Frankly, I’m okay with that. Soccer in the United States is still growing. Increased investment is continuously improving the playing surfaces and facilities across the American soccer pyramid. But it takes time.  

For the same reason that I won’t fault those clubs, neither should Garber fault the lower-league teams for their playing surfaces and facilities. 

This is not some uniquely American problem either that highlights investment disparities brought on by a closed system that lacks promotion and relegation. 

The problems of adequate stadium facilities and playing surfaces are felt as high up as clubs challenging for Premier League promotion in the EFL Championship playoffs. 

Luton Town will reportedly need to spend £10 million to bring their home ground, Kenilworth Road, up to Premier League standards should they achieve promotion. 

Meanwhile, my beloved, Coventry City was forced to reschedule three home matches due to pitch conditions after the stadium hosted the Commonwealth Games. The Sky Blues were handed a suspended five-point deduction due to the issues and were forced to sell a starting center back to fund rapid relaying of the playing surface.  

These playing surface and facilities concerns pop up all across the soccer universe. It is not just an issue in the United States and certainly not just an issue with USL Championship and USL League One clubs. 

To be fair to Garber, he did commit at the board meeting to lending league officials to a summit on how to improve the Open Cup.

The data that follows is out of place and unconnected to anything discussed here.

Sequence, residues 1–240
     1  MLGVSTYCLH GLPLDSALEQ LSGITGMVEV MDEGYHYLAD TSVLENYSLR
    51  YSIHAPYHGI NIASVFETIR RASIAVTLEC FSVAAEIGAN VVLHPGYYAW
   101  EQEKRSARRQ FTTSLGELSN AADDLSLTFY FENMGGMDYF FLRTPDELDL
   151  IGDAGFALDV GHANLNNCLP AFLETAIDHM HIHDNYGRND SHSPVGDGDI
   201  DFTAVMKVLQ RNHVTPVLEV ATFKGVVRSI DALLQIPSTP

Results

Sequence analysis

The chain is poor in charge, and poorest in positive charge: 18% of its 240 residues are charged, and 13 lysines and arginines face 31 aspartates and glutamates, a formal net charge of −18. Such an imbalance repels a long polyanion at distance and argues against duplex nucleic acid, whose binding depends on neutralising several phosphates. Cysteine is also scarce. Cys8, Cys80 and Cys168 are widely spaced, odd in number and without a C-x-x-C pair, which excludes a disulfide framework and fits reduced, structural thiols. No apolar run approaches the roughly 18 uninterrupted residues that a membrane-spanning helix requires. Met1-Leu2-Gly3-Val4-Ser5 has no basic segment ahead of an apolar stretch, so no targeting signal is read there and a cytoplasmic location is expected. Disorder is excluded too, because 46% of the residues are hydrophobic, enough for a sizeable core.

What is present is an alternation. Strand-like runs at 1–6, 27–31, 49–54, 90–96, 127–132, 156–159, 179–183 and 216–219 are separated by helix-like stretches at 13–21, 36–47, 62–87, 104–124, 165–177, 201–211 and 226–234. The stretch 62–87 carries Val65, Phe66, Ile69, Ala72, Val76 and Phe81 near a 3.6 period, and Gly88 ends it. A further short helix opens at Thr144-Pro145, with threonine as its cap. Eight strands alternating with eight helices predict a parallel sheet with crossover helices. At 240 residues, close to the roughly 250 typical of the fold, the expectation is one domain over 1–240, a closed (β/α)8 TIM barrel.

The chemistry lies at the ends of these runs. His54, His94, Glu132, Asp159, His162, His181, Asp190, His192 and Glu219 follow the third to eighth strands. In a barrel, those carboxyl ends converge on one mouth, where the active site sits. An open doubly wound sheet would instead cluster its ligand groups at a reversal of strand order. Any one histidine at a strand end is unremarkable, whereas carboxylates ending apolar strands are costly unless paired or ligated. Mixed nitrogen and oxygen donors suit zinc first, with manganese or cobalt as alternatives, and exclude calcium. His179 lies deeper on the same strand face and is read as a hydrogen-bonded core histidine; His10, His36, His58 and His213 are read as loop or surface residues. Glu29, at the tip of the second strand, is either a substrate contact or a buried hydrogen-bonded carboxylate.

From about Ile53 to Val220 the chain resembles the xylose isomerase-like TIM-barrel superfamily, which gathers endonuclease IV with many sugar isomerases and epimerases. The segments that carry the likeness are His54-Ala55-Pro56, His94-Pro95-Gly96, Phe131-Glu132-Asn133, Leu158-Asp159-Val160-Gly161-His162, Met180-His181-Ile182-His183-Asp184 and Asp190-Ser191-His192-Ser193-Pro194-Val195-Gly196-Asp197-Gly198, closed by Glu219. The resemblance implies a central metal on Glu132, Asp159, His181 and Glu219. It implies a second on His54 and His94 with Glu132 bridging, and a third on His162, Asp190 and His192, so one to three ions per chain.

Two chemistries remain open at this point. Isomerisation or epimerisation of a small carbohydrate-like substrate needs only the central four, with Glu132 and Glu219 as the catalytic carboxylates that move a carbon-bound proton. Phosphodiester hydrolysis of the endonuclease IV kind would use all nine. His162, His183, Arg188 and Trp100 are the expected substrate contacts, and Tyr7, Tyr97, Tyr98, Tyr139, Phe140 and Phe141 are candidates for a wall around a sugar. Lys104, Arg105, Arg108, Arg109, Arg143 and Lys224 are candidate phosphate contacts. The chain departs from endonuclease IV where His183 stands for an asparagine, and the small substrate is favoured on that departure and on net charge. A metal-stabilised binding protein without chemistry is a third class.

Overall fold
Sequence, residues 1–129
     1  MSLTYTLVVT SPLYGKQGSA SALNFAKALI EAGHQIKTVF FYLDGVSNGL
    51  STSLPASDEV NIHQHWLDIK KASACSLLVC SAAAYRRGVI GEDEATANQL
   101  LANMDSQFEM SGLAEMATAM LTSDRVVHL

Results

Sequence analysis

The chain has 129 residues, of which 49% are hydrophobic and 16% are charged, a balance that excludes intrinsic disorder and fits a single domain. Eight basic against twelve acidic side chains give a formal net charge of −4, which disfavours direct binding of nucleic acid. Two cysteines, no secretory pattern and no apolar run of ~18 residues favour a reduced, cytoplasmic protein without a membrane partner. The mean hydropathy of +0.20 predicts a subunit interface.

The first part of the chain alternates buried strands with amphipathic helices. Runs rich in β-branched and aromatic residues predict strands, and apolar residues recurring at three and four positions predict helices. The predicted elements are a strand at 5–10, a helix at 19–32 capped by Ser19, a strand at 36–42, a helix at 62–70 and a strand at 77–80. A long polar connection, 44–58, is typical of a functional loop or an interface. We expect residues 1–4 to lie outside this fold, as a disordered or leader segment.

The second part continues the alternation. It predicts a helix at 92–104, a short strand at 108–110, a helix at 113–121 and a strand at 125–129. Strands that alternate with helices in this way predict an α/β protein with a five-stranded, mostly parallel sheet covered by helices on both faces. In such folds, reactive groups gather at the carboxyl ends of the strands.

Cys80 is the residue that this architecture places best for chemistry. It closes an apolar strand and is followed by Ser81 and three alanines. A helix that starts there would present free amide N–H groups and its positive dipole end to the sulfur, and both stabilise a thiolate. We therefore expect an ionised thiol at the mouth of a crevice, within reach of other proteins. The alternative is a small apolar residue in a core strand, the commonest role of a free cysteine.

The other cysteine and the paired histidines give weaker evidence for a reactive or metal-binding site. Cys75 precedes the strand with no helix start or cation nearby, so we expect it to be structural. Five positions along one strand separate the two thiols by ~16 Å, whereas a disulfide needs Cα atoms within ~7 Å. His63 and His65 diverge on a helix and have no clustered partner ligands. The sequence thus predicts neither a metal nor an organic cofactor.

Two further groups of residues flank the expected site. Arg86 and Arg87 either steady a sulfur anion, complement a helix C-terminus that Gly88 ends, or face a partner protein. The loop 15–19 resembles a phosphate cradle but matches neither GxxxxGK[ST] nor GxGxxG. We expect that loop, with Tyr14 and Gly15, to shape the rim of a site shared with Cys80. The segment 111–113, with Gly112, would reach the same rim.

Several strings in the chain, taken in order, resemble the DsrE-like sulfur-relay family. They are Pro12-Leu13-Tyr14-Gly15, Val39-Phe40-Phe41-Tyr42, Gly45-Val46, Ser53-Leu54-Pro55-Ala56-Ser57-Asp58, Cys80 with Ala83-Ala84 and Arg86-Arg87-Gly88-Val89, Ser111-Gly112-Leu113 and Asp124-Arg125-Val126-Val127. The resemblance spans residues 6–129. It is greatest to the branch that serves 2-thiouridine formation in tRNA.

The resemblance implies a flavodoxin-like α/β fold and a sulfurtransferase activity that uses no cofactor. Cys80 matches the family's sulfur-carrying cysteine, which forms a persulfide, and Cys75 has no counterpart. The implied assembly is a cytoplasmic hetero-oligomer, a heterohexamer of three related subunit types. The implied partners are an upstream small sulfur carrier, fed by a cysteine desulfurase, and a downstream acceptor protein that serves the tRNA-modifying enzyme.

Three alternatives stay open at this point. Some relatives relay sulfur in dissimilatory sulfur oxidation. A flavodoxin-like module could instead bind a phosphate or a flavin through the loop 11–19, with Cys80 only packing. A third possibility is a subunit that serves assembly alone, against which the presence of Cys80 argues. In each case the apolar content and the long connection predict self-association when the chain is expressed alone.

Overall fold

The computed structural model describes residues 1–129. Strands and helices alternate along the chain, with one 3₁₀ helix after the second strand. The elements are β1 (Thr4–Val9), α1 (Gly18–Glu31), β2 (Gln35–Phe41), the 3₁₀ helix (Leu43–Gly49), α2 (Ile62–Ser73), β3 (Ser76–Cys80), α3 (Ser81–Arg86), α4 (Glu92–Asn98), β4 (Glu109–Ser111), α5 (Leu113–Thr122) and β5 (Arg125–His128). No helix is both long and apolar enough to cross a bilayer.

However, doing so after taking a shot at lower-level competition without recognizing MLS’ own shortcomings will rub people the wrong way.  

Personally, I hope MLS makes the right call by investing its time, money, and support into this tournament, which should only help to grow the game across the pyramid leading to better infrastructure for soccer as a whole in this country. 

Bonus thought

Attention Nashville SC content managers!! I want to see Jacob Shaffelburg’s timed forty-yard dash. 

You can even have him race club owner Derrick Henry. This is the content we all want want and need.  

Author: Chris IveyChris is a senior writer covering Nashville SC. His writings focus on the team at large and often navigate the complexity of roster building around the myriad of MLS rules. Outside of Broadway Sports Media, Chris resides in Knoxville and is a licensed attorney. Beyond NSC, he is always willing to discuss Tennessee football and basketball, Coventry City, and USMNT. Follow Chris on Twitter